Orion Nebula

William Bullimore

Brisbane, Australia

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Artist's Description

Camera: Canon EOS 5D Mk II
Lens: Meade LX200 Telescope
Exposure: 146 sec
Aperture: f10
Focal Length: 2500mm
ISO Speed: 1600
Accessories: Off-axis Guider, Canon RC1 Wireless Remote
Date and Time: 13 January 2011 10.40pm

Post Processing:
Imported into Lightroom
Exported image to CS5
Noise reduction layer
Curves layer
Crop tool
Re-imported back into Lightroom
Added keyword metadata
Exported as JPEG

Last night we went to the Warrumbungle Observatory which is owned and operated by Peter Starr. After his very interesting talk, he was kind enough to allow Frank and I to attach our cameras to his telescope. We photographed Jupiter, the moon, the Orion Nebula, Eta Carinae and the Pleiades. I’ve always wanted to do this and he has inspired me to pursue this when I can afford to get a decent telescope of my own. If you’re interested in astrophotography and are in the vicinity of Coonabarabran, check out his website and make a booking. It’s well worth it.

From Wikipedia

The Orion Nebula (also known as Messier 42, M42, or NGC 1976) is a diffuse nebula situated south of Orion’s Belt. It is one of the brightest nebulae, and is visible to the naked eye in the night sky. M42 is located at a distance of 1,344 ± 20 light yearsand is the closest region of massive star formation to Earth. The M42 nebula is estimated to be 24 light years across. Older texts frequently referred to the Orion Nebula as the Great Nebula in Orion or the Great Orion Nebula.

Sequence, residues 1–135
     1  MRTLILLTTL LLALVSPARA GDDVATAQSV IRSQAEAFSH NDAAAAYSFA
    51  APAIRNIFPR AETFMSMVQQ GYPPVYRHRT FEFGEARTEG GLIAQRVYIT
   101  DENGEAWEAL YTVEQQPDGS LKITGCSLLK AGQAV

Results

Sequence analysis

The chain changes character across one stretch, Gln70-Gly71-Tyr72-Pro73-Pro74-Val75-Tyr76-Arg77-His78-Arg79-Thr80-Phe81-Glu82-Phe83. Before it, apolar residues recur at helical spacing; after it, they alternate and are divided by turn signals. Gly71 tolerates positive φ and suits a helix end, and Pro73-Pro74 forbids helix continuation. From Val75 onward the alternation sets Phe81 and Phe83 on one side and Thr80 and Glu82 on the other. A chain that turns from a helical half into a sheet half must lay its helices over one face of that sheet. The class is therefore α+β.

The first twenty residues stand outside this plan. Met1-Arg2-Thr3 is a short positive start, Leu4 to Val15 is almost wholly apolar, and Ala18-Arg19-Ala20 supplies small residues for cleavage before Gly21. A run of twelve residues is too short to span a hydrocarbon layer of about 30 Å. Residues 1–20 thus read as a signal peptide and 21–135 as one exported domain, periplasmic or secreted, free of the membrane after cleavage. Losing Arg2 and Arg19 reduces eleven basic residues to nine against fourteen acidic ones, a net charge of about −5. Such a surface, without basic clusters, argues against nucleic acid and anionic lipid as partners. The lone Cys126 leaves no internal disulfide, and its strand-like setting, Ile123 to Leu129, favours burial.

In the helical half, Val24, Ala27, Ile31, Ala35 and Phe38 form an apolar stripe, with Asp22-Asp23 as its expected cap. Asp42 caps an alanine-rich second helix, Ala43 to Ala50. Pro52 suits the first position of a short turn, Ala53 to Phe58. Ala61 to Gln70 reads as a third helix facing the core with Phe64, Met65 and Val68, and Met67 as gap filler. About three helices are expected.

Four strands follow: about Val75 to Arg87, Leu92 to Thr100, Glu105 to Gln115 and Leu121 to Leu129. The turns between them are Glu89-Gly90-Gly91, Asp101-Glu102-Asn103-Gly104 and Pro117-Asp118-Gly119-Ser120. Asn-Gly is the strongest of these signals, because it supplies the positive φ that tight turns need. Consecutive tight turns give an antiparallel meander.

The Orion Nebula is one of the most scrutinized and photographed objects in the night sky, and is among the most intensely studied celestial features. The nebula has revealed much about the process of how stars and planetary systems are formed from collapsing clouds of gas and dust. Astronomers have directly observed protoplanetary disks, brown dwarfs, intense and turbulent motions of the gas, and the photo-ionizing effects of massive nearby stars in the nebula. There are also supersonic “bullets” of gas piercing the dense hydrogen clouds of the Orion Nebula. Each bullet is ten times the diameter of Pluto’s orbit and tipped with iron atoms glowing bright blue. They were probably formed one thousand years ago from an unknown violent event.

Artwork Comments

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